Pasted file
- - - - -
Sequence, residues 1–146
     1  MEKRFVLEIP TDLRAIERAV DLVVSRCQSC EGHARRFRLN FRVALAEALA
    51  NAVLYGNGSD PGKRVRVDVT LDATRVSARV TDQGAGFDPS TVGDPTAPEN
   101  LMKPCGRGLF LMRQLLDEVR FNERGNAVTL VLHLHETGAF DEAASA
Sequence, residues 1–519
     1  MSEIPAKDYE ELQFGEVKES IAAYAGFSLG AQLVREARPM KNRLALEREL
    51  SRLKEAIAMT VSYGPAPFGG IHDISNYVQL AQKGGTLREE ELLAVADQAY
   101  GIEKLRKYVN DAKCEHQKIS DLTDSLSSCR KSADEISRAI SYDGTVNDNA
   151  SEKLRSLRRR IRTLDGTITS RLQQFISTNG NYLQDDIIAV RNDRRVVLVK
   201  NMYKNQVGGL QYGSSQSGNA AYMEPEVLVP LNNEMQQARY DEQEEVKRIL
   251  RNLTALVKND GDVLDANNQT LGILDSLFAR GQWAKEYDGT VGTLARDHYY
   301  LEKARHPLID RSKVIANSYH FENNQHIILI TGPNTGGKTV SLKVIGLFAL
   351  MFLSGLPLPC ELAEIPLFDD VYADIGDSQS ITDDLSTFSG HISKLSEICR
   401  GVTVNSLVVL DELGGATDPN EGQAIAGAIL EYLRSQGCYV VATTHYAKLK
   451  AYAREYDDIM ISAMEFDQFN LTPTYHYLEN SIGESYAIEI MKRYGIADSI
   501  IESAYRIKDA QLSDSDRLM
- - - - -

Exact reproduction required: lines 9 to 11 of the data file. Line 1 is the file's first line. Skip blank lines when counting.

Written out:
   151  SEKLRSLRRR IRTLDGTITS RLQQFISTNG NYLQDDIIAV RNDRRVVLVK
   201  NMYKNQVGGL QYGSSQSGNA AYMEPEVLVP LNNEMQQARY DEQEEVKRIL
   251  RNLTALVKND GDVLDANNQT LGILDSLFAR GQWAKEYDGT VGTLARDHYY